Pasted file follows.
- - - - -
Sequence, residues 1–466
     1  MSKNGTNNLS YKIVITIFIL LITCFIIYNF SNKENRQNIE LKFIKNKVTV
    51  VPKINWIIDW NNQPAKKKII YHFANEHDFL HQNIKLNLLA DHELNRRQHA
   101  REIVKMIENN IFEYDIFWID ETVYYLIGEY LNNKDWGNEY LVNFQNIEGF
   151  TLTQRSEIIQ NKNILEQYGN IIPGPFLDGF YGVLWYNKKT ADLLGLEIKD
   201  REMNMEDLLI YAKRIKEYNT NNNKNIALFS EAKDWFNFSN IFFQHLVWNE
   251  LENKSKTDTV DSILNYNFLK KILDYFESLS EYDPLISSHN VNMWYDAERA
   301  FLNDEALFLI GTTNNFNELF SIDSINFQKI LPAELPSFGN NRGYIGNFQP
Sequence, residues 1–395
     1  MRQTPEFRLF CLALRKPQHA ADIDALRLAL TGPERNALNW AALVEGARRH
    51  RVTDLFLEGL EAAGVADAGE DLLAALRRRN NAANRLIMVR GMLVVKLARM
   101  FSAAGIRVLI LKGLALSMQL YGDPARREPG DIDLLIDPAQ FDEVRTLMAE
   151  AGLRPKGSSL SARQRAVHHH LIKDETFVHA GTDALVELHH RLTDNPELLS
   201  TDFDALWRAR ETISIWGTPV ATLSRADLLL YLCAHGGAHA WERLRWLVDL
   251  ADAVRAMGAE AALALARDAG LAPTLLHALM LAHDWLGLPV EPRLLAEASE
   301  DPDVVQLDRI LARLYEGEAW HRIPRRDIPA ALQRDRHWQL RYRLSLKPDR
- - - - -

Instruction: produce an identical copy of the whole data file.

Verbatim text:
Sequence, residues 1–466
     1  MSKNGTNNLS YKIVITIFIL LITCFIIYNF SNKENRQNIE LKFIKNKVTV
    51  VPKINWIIDW NNQPAKKKII YHFANEHDFL HQNIKLNLLA DHELNRRQHA
   101  REIVKMIENN IFEYDIFWID ETVYYLIGEY LNNKDWGNEY LVNFQNIEGF
   151  TLTQRSEIIQ NKNILEQYGN IIPGPFLDGF YGVLWYNKKT ADLLGLEIKD
   201  REMNMEDLLI YAKRIKEYNT NNNKNIALFS EAKDWFNFSN IFFQHLVWNE
   251  LENKSKTDTV DSILNYNFLK KILDYFESLS EYDPLISSHN VNMWYDAERA
   301  FLNDEALFLI GTTNNFNELF SIDSINFQKI LPAELPSFGN NRGYIGNFQP
Sequence, residues 1–395
     1  MRQTPEFRLF CLALRKPQHA ADIDALRLAL TGPERNALNW AALVEGARRH
    51  RVTDLFLEGL EAAGVADAGE DLLAALRRRN NAANRLIMVR GMLVVKLARM
   101  FSAAGIRVLI LKGLALSMQL YGDPARREPG DIDLLIDPAQ FDEVRTLMAE
   151  AGLRPKGSSL SARQRAVHHH LIKDETFVHA GTDALVELHH RLTDNPELLS
   201  TDFDALWRAR ETISIWGTPV ATLSRADLLL YLCAHGGAHA WERLRWLVDL
   251  ADAVRAMGAE AALALARDAG LAPTLLHALM LAHDWLGLPV EPRLLAEASE
   301  DPDVVQLDRI LARLYEGEAW HRIPRRDIPA ALQRDRHWQL RYRLSLKPDR